Who Is Nature's God?

by David J. Voelker

Republished from The Hanover Historical Review 1 (Spring 1993).


INTRODUCTORY NOTE: I am republishing this brief essay here because it has been copied and quoted dozens of times on the internet -- usually without proper attribution or context -- by people engaged in an argument about the role of Christianity and religion in the founding of the United States. The essay originally appeared in The Hanover Historical Review, published at Hanover College in the spring of 1993. I wrote this essay for the first college-level history course that I took at Hanover, “Foundations of the Modern Age,” with Professor Frank Luttmer (who became an excellent mentor to me). I certainly did not intend for the essay to make a definitive statement about the religious beliefs of Thomas Jefferson or about the role of religion in the early American republic. Rather, as a curious freshman, I was trying to answer the question that appears in the title: who was “Nature’s God,” which Jefferson saw fit to mention when he drafted the Declaration of Independence? After I wrote this essay, I became a history major and eventually pursued graduate study in history; today I am a tenured history professor. Although I think that I drew basically correct conclusions here, I am ambivalent about the widespread presence of this essay on the internet, especially given that I went on to publish more sophisticated essays about religion in the early republic.

The essay is silent on many important and relevant matters, from the broader context of natural religion in the eighteenth century, to Jefferson’s later activism on behalf of religious liberty, to his sympathy for Unitarianism (a Unitarianism, it is important to note, that was distinct from the New England Unitarianism of the 1820s-30s and beyond). The reason for these silences is obvious: this was a short essay written for an introductory history course, and the author was a mere freshman who was, as yet, hardly familiar with the many historical contexts for Jefferson’s words. I have to concede that the online commenter in one internet argument was astute to ask: “Who is David J. Voelker, and what makes him an authority on Jefferson?”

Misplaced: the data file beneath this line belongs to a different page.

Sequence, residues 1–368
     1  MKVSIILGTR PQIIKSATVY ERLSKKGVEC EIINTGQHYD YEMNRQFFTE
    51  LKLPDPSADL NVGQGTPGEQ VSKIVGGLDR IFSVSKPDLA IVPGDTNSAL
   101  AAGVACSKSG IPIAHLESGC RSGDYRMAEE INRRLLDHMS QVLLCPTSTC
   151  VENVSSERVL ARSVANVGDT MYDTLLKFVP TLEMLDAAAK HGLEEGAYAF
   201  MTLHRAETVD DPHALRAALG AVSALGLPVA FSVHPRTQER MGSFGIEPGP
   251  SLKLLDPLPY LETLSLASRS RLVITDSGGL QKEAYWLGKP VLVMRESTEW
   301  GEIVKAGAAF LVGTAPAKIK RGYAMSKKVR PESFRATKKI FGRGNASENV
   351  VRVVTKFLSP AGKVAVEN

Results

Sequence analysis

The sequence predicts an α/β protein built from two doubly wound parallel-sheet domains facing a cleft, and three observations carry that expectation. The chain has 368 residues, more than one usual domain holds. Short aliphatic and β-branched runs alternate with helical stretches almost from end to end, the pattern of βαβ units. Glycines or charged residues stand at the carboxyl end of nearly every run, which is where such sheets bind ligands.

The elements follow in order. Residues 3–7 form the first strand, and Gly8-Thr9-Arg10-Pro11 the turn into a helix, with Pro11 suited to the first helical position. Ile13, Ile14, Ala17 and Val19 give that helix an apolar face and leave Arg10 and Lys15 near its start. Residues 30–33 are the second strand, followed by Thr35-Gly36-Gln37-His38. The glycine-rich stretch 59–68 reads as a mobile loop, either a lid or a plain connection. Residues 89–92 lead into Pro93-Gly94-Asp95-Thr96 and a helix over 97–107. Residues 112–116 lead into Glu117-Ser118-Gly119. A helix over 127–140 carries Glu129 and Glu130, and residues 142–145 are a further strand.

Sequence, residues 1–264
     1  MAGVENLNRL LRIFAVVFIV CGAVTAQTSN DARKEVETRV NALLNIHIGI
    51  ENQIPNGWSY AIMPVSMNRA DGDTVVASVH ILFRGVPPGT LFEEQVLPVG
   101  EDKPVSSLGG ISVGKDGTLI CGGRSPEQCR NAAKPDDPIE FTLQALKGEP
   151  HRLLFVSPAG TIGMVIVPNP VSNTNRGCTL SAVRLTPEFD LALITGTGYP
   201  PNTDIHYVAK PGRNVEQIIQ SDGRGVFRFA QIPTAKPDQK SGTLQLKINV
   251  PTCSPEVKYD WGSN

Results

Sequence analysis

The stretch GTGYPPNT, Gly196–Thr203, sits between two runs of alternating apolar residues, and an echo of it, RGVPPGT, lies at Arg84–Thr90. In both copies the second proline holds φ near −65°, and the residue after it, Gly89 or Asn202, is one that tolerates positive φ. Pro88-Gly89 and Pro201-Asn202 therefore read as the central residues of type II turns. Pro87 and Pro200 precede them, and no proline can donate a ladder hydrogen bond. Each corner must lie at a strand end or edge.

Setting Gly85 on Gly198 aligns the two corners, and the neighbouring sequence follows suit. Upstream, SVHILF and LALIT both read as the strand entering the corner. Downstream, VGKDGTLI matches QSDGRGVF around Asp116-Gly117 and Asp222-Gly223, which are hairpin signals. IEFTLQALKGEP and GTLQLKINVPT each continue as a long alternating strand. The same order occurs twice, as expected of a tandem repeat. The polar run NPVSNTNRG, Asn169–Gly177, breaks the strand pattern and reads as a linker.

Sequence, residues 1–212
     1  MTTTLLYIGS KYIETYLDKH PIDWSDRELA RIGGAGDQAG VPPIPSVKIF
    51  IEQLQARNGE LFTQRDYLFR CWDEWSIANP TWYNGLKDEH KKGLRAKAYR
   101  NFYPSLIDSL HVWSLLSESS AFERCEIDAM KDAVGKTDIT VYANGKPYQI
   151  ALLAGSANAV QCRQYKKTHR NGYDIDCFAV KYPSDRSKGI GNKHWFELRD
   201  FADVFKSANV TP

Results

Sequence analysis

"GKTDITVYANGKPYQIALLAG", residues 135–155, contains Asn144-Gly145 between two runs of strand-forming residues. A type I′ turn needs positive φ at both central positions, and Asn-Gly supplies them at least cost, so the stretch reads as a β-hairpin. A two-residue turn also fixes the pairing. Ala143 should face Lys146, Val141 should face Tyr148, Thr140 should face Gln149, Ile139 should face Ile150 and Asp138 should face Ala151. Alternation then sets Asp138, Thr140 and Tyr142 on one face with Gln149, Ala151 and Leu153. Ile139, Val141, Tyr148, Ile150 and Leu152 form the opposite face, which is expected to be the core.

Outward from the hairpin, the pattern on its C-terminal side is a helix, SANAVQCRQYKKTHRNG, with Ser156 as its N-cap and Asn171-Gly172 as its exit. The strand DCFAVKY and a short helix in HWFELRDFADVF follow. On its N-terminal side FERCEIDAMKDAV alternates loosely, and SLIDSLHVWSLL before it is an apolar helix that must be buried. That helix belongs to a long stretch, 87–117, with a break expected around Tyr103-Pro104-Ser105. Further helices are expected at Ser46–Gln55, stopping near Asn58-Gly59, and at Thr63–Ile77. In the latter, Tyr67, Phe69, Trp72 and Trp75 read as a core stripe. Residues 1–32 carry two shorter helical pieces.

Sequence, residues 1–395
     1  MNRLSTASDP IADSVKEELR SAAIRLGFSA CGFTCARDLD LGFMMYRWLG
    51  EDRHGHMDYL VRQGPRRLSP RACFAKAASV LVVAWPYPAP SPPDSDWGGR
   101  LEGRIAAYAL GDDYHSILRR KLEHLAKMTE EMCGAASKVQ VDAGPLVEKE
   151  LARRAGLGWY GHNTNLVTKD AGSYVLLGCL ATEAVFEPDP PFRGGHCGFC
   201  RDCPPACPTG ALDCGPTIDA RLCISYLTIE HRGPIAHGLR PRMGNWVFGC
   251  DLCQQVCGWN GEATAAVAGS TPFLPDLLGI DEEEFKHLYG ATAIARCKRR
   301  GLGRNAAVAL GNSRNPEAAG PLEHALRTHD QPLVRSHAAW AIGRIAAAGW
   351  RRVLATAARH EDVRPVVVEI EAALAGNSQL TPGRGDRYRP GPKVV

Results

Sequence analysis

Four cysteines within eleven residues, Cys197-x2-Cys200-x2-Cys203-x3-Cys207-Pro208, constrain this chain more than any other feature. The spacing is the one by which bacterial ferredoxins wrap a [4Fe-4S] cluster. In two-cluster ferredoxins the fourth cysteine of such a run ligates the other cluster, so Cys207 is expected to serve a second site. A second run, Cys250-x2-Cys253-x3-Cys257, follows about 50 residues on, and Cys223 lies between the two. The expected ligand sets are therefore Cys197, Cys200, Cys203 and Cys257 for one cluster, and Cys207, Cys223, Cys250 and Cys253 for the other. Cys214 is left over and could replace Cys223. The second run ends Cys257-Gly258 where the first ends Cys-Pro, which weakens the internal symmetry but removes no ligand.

In the years since I wrote this essay, I have come to recognize that Christianity played a complex role in the founding of the United States. To cite a couple of examples: even Jefferson's deism was influenced by Christianity, and the eloquent arguments that he made on behalf of religious freedom were rooted in a concept of conscience that likely derived from Christianity. Nevertheless, I do not believe that the United States had a Christian founding -- that the framers of the Constitution intended to found a specifically Christian nation. The essay that follows, though, can only be one very small part of a historical argument against the myth of the Christian founding, and it is worth noting that this analysis does not support the myth of the godless founding either.

Having said all of this, I stand by my stated thesis: “Although he supported the moral teachings of Jesus, Jefferson believed in a creator similar to the God of deism. In the tradition of deism, Jefferson based his God on reason and rejected revealed religion.” In other words, Jefferson was deistic in his inclinations; he was not writing the Christian God into the Declaration of Independence, but he did firmly root his conception of natural rights in the existence of a creator-God.

If I were to rewrite this essay today, I would significantly expand the historical context and would broaden the scope of the question. For the time being, however, I resist the temptation to re-argue my case. Instead, I'll note that there are a number of excellent scholarly publications that address Jefferson's religious beliefs and the role of Christianity in the founding of the United States. Given that there are dozens of important works, I will cite merely a few that seem most salient here: Daniel L. Dreisbach, Mark David Hall, and Jeffry H. Morrison, eds., The Founders on God and Government (Rowman & Littlefield, 2004); Paul K. Conkin, "The Religious Pilgrimage of Thomas Jefferson," in Jeffersonian Legacies, pp. 19-49, edited by Peter S. Onuf (Charlottesville: Univ. of Virginia Press, 1993); Edwin Scott Gaustad, Neither King Nor Prelate: Religion and the New Nation 1776–1826 (Grand Rapids: Eerdmans, 1993); Edwin Scott Gaustad, Sworn on the Altar of God: A Religious Biography of Thomas Jefferson (Grand Rapids: Eerdmans, 2001); and Peter Onuf, "Jefferson's Religion: Priestcraft, Enlightenment, and the Republican Revolution," in The Mind of Thomas Jefferson, pp. 139-68 (Charlottesville: Univ. of Virginia Press, 2007). As for Jefferson's writings, the best starting place is probably Jefferson's Extracts from the Gospels: "The Philosophy of Jesus" and "The Life and Morals of Jesus," edited by Dickinson W. Adams and Ruth W. Lester, introduction by Eugene R. Sheridan, in The Papers of Thomas Jefferson, Second Series (Princeton: Princeton Univ. Press, 1983). My own modest publications on religion and the founding include: "Thomas Paine's Civil Religion of Reason," in The Forgotten Founders on Religion and Public Life, pp. 171-195, edited by Daniel L. Dreisbach, Mark David Hall, and Jeffry H. Morrison (Univ. of Notre Dame Press, 2009) and “Religious Sects and Social Reform,” in Perspectives in American Social History Series: Jacksonian and Antebellum Eras, pp. 95-115, ed. Mark R. Cheathem (Oxford: ABC-CLIO, 2008).